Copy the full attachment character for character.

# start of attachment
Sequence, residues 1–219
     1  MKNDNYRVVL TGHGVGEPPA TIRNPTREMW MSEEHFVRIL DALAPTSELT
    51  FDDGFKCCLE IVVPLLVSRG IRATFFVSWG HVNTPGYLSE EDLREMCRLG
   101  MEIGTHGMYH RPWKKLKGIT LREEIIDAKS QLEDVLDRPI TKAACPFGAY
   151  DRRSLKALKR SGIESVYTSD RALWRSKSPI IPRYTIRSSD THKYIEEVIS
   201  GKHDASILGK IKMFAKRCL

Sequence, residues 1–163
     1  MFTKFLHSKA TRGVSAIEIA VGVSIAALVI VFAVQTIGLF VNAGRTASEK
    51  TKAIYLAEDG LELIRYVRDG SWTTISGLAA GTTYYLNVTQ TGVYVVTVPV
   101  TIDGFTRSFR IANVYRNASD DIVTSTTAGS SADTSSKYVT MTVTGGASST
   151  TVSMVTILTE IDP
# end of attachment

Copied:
Sequence, residues 1–219
     1  MKNDNYRVVL TGHGVGEPPA TIRNPTREMW MSEEHFVRIL DALAPTSELT
    51  FDDGFKCCLE IVVPLLVSRG IRATFFVSWG HVNTPGYLSE EDLREMCRLG
   101  MEIGTHGMYH RPWKKLKGIT LREEIIDAKS QLEDVLDRPI TKAACPFGAY
   151  DRRSLKALKR SGIESVYTSD RALWRSKSPI IPRYTIRSSD THKYIEEVIS
   201  GKHDASILGK IKMFAKRCL

Sequence, residues 1–163
     1  MFTKFLHSKA TRGVSAIEIA VGVSIAALVI VFAVQTIGLF VNAGRTASEK
    51  TKAIYLAEDG LELIRYVRDG SWTTISGLAA GTTYYLNVTQ TGVYVVTVPV
   101  TIDGFTRSFR IANVYRNASD DIVTSTTAGS SADTSSKYVT MTVTGGASST
   151  TVSMVTILTE IDP